During 2019, many of us across the UK have been looking anxiously at ash trees, thinking, “This year it will really start to show.” Ash is always the last tree to come into leaf, but this spring there were many bare twigs that will not produce leaves again. The march of ash dieback is upon us. All around us, ash trees are dying quietly.

Ash dieback is a fungal disease that attacks the common ash tree, Fraxinus excelsior. It is caused by the fungus Hymenoscyphus fraxineus, which originally came from Eastern Asia and has spread throughout Europe, decimating ash populations. The spores of H. fraxineus can be carried on the wind, although its spread has been accelerated by trade in ash trees. The fungus can kill young trees quickly, and it weakens older ash trees over a period of years until other pathogens finish them off.

Recent studies suggest that we could lose over 95% of our ash trees from the UK in the next 10 years. On a practical level, ash dieback will bring significant challenges and costs for land managers. The health and safety implications of unsafe trees in public areas are huge, with an estimated £30 million per year needed to deal with them in Devon alone.

But figures like this cannot reflect the full impact of such huge ecological change on our society. The looming reality of ash dieback brings the prospect of a different degree of loss to our countryside, one that it is impossible to control: it brings a deep grief.

Ash is Britain’s third most common tree, so familiar that we are used to taking it for granted, like a family member who has always been there for us. It is a core constituent of our broadleaved woodlands, our hedgerows and our timber supply. The ash tree has been fundamental to British life for millennia.

Ash is considered a feminine tree in British folklore, counterpart to the masculine oak, and it brings us protection and healing. Young children would be given ash sap to drink; sick children were passed through a cleft in an ash tree to cure them. Strong ash wood was used for many purposes, from spears and bows in battle to cartwheels, tool handles, wooden bowls and furniture. The yule log was originally made of anash log or a bundle of ash sticks. Both the wassail bowl and the maypole were made of ash, and the witch’s broom or besom was made of an ash staff, with birch twigs bound by willow.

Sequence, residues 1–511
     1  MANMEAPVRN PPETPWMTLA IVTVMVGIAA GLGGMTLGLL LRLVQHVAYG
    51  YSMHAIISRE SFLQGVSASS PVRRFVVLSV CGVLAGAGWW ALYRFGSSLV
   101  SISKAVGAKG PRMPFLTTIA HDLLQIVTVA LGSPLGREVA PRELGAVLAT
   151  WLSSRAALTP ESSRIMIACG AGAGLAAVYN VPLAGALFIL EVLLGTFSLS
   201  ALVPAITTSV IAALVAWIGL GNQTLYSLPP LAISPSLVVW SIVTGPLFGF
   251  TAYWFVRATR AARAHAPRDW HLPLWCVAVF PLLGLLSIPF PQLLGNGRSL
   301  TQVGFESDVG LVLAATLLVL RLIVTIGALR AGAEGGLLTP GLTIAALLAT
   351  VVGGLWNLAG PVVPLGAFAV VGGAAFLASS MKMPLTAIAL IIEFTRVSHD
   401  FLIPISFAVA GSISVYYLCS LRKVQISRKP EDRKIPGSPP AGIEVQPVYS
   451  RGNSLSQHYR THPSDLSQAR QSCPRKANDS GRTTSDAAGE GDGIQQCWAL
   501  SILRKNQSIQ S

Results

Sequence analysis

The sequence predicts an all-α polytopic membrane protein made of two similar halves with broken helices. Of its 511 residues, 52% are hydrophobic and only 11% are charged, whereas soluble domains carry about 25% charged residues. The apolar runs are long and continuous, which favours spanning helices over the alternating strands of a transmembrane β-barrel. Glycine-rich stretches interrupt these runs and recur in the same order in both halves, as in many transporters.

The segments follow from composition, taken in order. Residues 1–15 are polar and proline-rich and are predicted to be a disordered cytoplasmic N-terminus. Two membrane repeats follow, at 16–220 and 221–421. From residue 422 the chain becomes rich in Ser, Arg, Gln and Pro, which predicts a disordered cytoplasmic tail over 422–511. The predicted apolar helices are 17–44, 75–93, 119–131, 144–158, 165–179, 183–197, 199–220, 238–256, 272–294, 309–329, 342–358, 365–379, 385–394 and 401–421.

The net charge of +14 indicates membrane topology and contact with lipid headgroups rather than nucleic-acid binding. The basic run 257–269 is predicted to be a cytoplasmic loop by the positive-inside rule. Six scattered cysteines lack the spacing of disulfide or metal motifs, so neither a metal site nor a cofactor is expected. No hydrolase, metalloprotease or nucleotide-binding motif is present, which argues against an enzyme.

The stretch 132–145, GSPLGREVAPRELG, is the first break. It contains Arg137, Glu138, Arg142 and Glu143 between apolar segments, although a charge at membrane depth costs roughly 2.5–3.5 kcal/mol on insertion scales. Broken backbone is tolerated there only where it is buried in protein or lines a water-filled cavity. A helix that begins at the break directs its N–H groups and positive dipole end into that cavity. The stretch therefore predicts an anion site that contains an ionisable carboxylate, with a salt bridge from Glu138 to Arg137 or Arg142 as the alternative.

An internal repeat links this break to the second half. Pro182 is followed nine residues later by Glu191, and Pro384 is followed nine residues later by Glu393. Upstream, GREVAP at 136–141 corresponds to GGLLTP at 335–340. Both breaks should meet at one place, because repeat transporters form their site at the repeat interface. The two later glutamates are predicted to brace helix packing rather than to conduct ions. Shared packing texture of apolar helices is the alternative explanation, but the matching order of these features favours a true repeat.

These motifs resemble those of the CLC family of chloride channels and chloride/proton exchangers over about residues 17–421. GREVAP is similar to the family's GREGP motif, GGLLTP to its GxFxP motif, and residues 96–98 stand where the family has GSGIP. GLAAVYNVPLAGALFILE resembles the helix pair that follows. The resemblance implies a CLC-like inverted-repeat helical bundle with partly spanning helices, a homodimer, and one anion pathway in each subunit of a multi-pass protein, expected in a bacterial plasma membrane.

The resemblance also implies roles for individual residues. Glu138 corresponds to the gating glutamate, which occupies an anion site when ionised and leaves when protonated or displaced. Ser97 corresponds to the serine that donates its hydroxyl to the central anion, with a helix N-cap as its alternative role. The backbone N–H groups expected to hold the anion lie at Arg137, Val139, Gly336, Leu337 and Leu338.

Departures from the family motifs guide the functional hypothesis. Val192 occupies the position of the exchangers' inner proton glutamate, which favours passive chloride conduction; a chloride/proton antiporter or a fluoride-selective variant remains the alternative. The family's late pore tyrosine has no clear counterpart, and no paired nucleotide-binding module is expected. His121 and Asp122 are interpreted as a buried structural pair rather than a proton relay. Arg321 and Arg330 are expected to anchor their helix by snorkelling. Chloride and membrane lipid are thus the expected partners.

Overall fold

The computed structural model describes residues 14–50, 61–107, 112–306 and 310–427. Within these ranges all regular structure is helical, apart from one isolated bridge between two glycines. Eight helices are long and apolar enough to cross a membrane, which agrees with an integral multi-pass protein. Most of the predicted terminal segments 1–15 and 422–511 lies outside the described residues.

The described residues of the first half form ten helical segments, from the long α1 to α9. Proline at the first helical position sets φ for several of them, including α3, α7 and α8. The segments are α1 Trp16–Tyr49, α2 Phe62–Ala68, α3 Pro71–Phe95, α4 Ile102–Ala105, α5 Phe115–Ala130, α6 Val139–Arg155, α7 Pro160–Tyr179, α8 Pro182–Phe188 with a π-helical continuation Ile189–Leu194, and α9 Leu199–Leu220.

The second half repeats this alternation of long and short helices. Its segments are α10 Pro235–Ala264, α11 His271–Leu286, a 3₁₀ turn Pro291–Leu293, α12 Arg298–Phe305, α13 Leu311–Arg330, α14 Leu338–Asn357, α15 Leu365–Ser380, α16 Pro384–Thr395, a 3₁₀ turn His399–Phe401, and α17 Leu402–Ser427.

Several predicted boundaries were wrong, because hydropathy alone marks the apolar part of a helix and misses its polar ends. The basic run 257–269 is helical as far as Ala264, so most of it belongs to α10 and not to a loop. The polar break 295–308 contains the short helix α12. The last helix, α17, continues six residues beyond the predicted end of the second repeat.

Ash magic is peppered throughout the folk tales of the British Isles, although the benevolence (or otherwise) of individual ash trees varies in the stories. In the Welsh epic of the Mabinogion, Gwydion the magician bears a staff of ash, the World Tree in Celtic mythology, the tree that joins the lower, middle and upper worlds.

However, it’s in the Norse myths that we find the ash tree at its most fundamental, intertwined with Germanic and British tradition. They tell us that at the beginning of time, the first gods found an ash and an elm tree with their roots ripped out of the soil. They set them straight and created the first man (Ask) and woman (Embla), and all the world’s people were descended from these trees.

Connecting the worlds of humans, gods, giants and the underworld is the ash Yggdrasil, greatest and best of trees, the tree that always was and always is and always will be. Yggdrasil holds all of creation. Deer nibble at Yggdrasil, and a dragon devours its roots from the underworld, but it constantly regenerates from the dewdrops that are sprinkled on its roots by the three Fates. It is from Yggdrasil that Odin hangs upside down for nine days and nine nights, learning great wisdom to become Odin the Allfather.

At the end of the Norse mythological cycle, Ragnarök, the end of the world, is brought about by the unleashing of dark and trickster forces. Yggdrasil the ash tree shakes and groans and everything is frightened as wars rage and the land is ravaged by fire. Two humans, Lif and Lifthrasir, hide inside Yggdrasil, and they do not emerge again until the world is safe to reinhabit.

It is tempting to think that ash dieback is a ‘sign’ of our mismanagement of the environment or our ecological doom. This denies the natural law of cause and effect, and I don’t think it is entirely fair in this case. Nevertheless, the loss of ash, and the grief, are on their way.

An important part of grieving is to take inspiration from the one who has died – to take their lessons and use them positively, to find motivation for renewal. How can we find this in the face of such huge change?

Let’s return to the old stories. When the two humans hid inside the trunk of Yggdrasil to survive Ragnarök, they did not emerge afterwards, as from the ark, into a bright, shiny new world. They stepped out into a challenging place, wrecked by the egos and wars of the gods and the giants. They had no choice but to take it on.

It won’t be only the loss of ash trees that is remembered from the mythology of our own times, but also our response. We can replace dead trees with other species, we can value and propagate our woodlands and hedgerows and treat them with respect; we can think about the source of the wood that we use, and how we can use wood more wisely.

Ash dieback is a wake-up call for us to bring genuine renewal to our countryside, not just to stem the loss that will inevitably come, whether that loss is due to greed, technology or disease. It is up to us now to turn our intentions to the positive. Perhaps we can invoke the healing and the inspiration of the ash, greatest and best of trees, to help double our efforts.

Lisa Schneidau is an ecologist working with Devon Wildlife Trust on landscape-scale conservation. She is a professional storyteller and is the author of Botanical Folk Tales of Britain and Ireland (The History Press). www.lisaschneidau.co.uk